Journey through a lost paradise

Bastet's Paradise, Aphrodite; Inara Pey, Sept 2014, on FlickrBastet’s Paradise, Aphrodite (Flickr) – click any image for full size

Bastet’s Paradise, referred to in the Destination Guide as The Lost Island, is a beautiful enigma inviting exploration. Designed by Tek Scientist, the region is a curious blend, offering a rich landscape for people to enjoy and explore, places to sit, or share or to dance, mixed with curious shades of adventure, fantasy and science-fiction.

The Landing point sits alongside a garden conservatory, complete a barbecue and outdoor kitchen, and offering a place for people to sit and, if they wish, enjoy a meal. All of which sounds nicely suburban; except the conservatory and patio appears to be sitting in a jungle clearing overlooking a river and with elephants standing close by…

Bastet's Paradise, Aphrodite; Inara Pey, Sept 2014, on FlickrBastet’s Paradise, Aphrodite (Flickr)

So, are we in Africa? Well, not entirely; the ruins a short walk away suggest we might be in South America, while beyond them a rounded tree house suggests something one might find hidden in Middle Earth, while the tiger roaming beneath the trees perhaps points towards the Indian sub-continent.  Elsewhere things have a distinctly sci-fi edge to them, suggesting we are in fact on another world, far removed from Earth; so perhaps this place is a far-flung colony deep in space, an Eden created by human hands, where the animals of old Earth wander amidst the broad trees and ancient stones of a long vanished civilisation, and surrounded by tall mountains.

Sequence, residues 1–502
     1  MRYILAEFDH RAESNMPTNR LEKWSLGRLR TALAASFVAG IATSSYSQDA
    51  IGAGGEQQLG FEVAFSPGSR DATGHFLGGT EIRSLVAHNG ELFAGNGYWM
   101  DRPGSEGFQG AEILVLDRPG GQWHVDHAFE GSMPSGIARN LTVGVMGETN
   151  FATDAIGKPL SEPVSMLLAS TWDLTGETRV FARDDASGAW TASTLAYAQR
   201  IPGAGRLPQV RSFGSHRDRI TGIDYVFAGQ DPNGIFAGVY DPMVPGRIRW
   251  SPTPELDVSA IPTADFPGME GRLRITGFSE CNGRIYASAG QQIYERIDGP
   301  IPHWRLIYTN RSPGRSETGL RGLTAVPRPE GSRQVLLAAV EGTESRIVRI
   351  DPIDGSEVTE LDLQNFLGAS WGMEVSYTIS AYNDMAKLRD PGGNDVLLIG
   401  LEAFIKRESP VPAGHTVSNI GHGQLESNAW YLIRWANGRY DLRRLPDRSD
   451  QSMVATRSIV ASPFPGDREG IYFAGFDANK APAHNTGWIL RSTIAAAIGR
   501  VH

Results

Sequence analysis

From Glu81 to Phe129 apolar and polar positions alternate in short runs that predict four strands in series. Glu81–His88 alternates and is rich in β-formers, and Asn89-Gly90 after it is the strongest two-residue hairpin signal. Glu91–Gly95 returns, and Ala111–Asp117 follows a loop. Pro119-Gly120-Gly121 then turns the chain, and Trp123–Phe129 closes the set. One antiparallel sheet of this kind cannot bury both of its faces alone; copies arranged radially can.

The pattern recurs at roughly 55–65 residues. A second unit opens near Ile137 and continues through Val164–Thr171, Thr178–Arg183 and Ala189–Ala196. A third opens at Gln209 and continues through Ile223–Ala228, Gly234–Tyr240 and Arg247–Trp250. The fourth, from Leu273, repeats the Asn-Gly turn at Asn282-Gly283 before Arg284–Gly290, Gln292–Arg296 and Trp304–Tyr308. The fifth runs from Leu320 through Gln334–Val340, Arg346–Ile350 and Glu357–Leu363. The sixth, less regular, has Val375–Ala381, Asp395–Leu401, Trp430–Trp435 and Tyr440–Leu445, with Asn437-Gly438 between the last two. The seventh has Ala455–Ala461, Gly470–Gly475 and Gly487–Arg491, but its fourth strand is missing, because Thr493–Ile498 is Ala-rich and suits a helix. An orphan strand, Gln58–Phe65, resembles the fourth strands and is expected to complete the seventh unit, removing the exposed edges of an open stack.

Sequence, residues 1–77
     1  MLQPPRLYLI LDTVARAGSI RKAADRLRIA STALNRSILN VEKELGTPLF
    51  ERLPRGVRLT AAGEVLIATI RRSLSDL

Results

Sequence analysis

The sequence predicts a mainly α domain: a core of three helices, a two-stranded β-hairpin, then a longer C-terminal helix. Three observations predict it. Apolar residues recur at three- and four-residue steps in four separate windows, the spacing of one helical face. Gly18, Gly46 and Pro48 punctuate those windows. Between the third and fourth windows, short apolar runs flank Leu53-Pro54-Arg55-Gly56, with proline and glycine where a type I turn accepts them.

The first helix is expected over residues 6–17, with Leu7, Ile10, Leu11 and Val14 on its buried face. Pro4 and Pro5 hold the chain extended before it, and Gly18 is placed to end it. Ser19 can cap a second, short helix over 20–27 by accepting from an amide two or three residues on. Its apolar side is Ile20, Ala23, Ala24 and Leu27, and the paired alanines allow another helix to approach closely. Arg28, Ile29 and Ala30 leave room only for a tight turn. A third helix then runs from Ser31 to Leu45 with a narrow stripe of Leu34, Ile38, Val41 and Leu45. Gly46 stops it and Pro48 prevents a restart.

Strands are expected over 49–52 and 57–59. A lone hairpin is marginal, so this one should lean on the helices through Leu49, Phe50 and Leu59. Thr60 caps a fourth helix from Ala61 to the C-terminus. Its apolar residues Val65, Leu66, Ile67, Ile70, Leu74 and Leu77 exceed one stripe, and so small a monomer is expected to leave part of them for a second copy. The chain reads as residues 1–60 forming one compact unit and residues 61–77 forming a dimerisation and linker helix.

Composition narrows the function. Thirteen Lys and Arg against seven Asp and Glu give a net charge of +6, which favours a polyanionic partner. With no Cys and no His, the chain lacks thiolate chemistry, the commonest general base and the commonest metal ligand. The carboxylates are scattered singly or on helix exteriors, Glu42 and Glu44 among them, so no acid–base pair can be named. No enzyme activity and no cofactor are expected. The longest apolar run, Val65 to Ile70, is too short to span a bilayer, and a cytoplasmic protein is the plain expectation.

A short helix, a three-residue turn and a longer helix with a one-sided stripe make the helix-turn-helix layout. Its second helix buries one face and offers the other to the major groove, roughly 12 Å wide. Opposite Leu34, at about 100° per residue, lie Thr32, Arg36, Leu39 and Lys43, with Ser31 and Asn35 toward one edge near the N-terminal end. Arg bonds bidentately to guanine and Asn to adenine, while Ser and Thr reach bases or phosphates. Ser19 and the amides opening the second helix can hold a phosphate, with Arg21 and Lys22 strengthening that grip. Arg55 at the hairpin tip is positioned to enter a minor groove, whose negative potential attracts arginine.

Careful exploration is required here, and if you’re into SL photography, you may find you’re spending a lot of time cycling through windlight settings, as so much of the region offers itself to photography and a range of lighting conditions. Do be a little careful in you explorations, however, as the sim surrounds do encroach on the region in places, which can lead to a few problems such as bouncing against the region boundary while roaming. Be aware as well, that if you take to the air, not all the trees are set to phantom, which can also lead to unexpected collisions.

Bastet's Paradise, Aphrodite; Inara Pey, Sept 2014, on FlickrBastet’s Paradise, Aphrodite (Flickr)

But don’t let that put you off; Bastet’s Paradise really is worth taking time to explore. I loved the otherworldly feel to part of the region – the play of glow and light across surfaces which gave the upward flowing water an entirely “alien” look and feel as it moved across rocky surfaces as if they were shimmering in their own right. Elsewhere, catching sight of distant mountain tops through the trees gave me a feeling of being in Lothlorien or perhaps Greenwood the Great before darkness crept into it, and looking out towards the distant Misty Mountains.

For those who simply want a place to chill, Bastet’s Paradise offers plenty of scope – there are places to sit to be found under trees, on the shoreline, inside the assorted buildings  – and even floating out of the water in a giant soap-bubble! Intan dance systems can be found throughout the region as well, and for those wanting a more romantic / intimate space, there’s a teleport system which will carry those who find it up to a skybox overhead.

All told, an interesting place to visit.

Bastet's Paradise, Aphrodite; Inara Pey, Sept 2014, on FlickrBastet’s Paradise, Aphrodite (Flickr)

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